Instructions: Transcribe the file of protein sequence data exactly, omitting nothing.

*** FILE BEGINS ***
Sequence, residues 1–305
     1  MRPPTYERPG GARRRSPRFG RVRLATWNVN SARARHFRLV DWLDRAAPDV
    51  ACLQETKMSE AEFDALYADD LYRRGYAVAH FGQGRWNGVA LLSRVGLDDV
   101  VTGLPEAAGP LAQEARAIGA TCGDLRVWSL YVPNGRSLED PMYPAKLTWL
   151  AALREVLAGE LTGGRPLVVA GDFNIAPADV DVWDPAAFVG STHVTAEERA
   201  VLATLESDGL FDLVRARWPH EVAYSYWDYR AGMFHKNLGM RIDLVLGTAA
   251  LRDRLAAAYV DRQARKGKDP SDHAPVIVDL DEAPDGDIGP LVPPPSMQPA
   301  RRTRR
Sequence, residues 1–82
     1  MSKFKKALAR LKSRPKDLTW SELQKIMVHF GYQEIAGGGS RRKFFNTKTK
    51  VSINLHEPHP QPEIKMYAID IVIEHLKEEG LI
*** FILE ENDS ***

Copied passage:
Sequence, residues 1–305
     1  MRPPTYERPG GARRRSPRFG RVRLATWNVN SARARHFRLV DWLDRAAPDV
    51  ACLQETKMSE AEFDALYADD LYRRGYAVAH FGQGRWNGVA LLSRVGLDDV
   101  VTGLPEAAGP LAQEARAIGA TCGDLRVWSL YVPNGRSLED PMYPAKLTWL
   151  AALREVLAGE LTGGRPLVVA GDFNIAPADV DVWDPAAFVG STHVTAEERA
   201  VLATLESDGL FDLVRARWPH EVAYSYWDYR AGMFHKNLGM RIDLVLGTAA
   251  LRDRLAAAYV DRQARKGKDP SDHAPVIVDL DEAPDGDIGP LVPPPSMQPA
   301  RRTRR
Sequence, residues 1–82
     1  MSKFKKALAR LKSRPKDLTW SELQKIMVHF GYQEIAGGGS RRKFFNTKTK
    51  VSINLHEPHP QPEIKMYAID IVIEHLKEEG LI